22 November, 2008

Cheer & Cutting Chai

His smile was huge and warm beneath his moustache. Sparkling white teeth were flashed as he greeted everybody who passed by with a huge “Jai Shri Krishna”. Narayan Chauhan was his name. He was our friendly neighborhood chai wallah (Tea vendor). His outfit was a box of 3 feet by 3 feet on which blazed away a huge pot of tea. No purist though would ever call what he dished out as tea. His brew was strong, sometimes over sweet and spiced up with ginger crushed in a small pestle that he kept.

A large slate, with dirt & grime and tea marks of many years embedded in its frame, hung over the wall, which bordered one end of his shop. On it was scribbled a rough menu. Full- Rs.6/- , Cutting Chai – Rs.3 , Coffee- Rs.8 , Ukala – Rs.8 and many other concoctions like gulabi ( pink ) that have now become common street parlance in Mumbai. Standardization is not the name of the game here ever. When one went in the morning, the leaves would be relatively new & the tea tasted different from the one you ordered around 10-11am. By then leaves would be cooked beyond their normal life and ginger and spices would add to the flavor. “Ek peshal bina shakkar” Narayan shouted and an old taxi driver came over to claim his glass. "Kaisan ho Narayanwa.. Sub Kushal mangal?"(How are you Narayan and how is everything he asked). The trademark smile flashed and he said "Maalik ki krupa se sub kuch theek hi hai "(God looks after all of us and takes care of everything). This stock answer cheerfully conveyed an implicit faith in the maker.

I would stop at his stall two or three times in a day, for a break. It was the warmth & cheer that he brought to surrounding that kept me going, as I am sure was true of most of the others there. It was an eclectic customer base from all classes. Traders from nearby shops whom he kept supplied all day long with his brother carrying the tea in mini steel containers and glasses, taxi and rickshaw drivers, municipal workers and government employees from nearby offices formed his regular custom. They came along, he chatted and they went away with smiles. Those fortunate to get good tea too would return and later the memory of that tea would sustain their trade with Narayan.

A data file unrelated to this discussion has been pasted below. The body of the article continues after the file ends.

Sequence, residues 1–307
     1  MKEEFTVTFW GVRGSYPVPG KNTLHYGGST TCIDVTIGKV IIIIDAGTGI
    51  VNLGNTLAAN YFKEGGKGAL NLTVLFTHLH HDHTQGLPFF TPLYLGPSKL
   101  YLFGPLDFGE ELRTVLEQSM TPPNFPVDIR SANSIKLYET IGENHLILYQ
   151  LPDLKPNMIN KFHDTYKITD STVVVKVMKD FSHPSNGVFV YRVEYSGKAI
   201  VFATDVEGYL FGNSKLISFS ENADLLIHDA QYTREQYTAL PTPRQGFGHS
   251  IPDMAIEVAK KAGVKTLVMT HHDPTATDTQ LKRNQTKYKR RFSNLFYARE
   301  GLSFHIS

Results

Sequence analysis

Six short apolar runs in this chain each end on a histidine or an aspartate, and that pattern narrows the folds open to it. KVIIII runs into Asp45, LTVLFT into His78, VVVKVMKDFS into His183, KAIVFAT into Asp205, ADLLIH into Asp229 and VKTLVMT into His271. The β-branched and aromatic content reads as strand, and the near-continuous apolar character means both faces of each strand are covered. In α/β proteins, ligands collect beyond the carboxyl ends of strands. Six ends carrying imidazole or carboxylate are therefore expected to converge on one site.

As long as I stayed in Chembur his face had been a fixture. Once on a lighter day when the city was closed on account of some political burn-out, I had stopped by. He was there smiling boiling his brew for which there were few takers today. Shops had closed in fear, Municipal workers were on strike and the rickshaw taxis were not plying. He was in his shorts and beige shirt spotlessly clean and asked me “Kya saab aaj bhi kaam?” (Are you working even today? ) When I mentioned that yes, he told me that you newspaper guys are like me. We are needed by everyone, both of us collect and relay news only you get to publish it and laughed at his own joke. I was curious and asked him the secret of his cheerful self. I envied him, I asked him doesn’t he ever worry?

He looked at me solemnly stopping his laugh and told me his thought. He told me “I came to Mumbai city 36 years ago and all I did then was work at a tea stall as a helper washing glasses. My ambition was to have my own tea stall. God looks after everybody and he is great. He helped me achieve my ambition, so I help him achieve his, which is to make the world a happier place. But even he gets tired and I asked myself how do I help him while he rests and recharges his battery. Because when God rests, the suffering in the world increases. I am not a doctor, engineer or an actor that I can heal, mend or entertain people. I am not educated in the words of any book. Angootha chhaap hoon saab, pur apne Bhagwan pe bharosa hai. To mainey thaan li ki khush rahoonga aur doosre ko khush karunga. Khudaa ka hi kaam hai (Am illiterate but I trust my God, so I decided to remain happy and keep others happy. After all that’s Gods work too). When I started doing this I realized that no problem ever bothered me. What I could solve, I did and what I could not I left it to him, he said looking upwards. Takleef ko Takleef ka naam jub aadmi deta hai, tub usey dard hota hai. Main to haskar jo sahi hai who karta hoon, to jub mushkiley aati bhi hai, to who apney aap hi alag mod lekar mujhse door jaati hai. (When people label their troubles as troubles then they have problems, I laugh it off and do what is to be done and trouble takes a turn away from me).

It was such a simple and amazing philosophy. Reflecting on this I realized, it is so true when it is said that laugh and the world laughs with you. One should only observe Narayan in action to see this philosophy practiced to perfection.People flock to him to absorb the happiness he emits more than the chai that he constantly keeps brewing. With Narayan what you get served is one cutting chai and one full glass of cheer.

2 comments:

Soul Images said...

Quiet a tribute to a the chaiwallah! Reminded me of the concept of "Vyaktichitra" that we used to write in Marathi essay-writing in school. If I were to mark you on this I would surely give you a 8 on 10 and remark "Uttam!" (Very good indeed!)

Kau Kau goes the Crow said...

Isnt it? It was not tough this one, you have met him too in my office.

It is a "Vyaktichitra", have so many interesting people around me in this market that each one can fill a chapter separately ;-)